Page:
According to Fortune 500 Magazine, it’s less than 10%.
In his article, The Balanced Scorecard: From Strategic Plan to Effective Execution, in Charity Village, John Paul de Silva, promotes the use of the balanced scorecard method, which as its name suggests, balances the strategic plan map among four areas of operations: “earning and growth, internal processes, customer (or in the case of nonprofits, funding source), and financial.”
de Silva quotes, Clinton Free of the Queen’s School of Business, who states that “quantifying a strategic plan into measurable terms results in the development of success markers that can be tracked. By reviewing these trackers, an organization can more quickly and conveniently determine whether or not a strategic plan is working.”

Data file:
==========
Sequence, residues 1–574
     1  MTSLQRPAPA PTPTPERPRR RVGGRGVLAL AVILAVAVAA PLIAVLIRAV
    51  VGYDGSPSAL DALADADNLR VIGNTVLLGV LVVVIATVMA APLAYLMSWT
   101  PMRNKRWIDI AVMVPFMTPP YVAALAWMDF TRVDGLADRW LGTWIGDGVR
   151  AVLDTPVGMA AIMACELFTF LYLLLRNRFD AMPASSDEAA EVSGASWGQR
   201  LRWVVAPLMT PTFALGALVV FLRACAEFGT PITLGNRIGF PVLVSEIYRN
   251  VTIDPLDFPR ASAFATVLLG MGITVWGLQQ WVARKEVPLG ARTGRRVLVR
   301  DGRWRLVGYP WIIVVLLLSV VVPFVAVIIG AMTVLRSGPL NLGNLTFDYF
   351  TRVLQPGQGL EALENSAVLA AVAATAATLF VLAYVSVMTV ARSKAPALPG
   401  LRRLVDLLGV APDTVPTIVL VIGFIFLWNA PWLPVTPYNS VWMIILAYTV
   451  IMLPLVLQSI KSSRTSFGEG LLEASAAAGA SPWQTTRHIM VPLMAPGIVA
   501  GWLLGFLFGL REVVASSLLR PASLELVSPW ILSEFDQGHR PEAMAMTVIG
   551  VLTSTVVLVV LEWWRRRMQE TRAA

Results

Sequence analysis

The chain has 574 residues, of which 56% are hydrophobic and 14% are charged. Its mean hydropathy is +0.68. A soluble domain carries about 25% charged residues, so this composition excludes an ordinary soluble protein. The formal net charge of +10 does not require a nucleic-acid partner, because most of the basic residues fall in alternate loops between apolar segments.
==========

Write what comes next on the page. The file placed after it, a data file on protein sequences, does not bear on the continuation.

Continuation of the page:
He lists four advantages for non-profits using this method:
- Saves costs and resources
- Builds capabilities in the short-term for future growth
- Quickly and clearly communicates strategic plan to multiple stakeholders
- Aids in performance management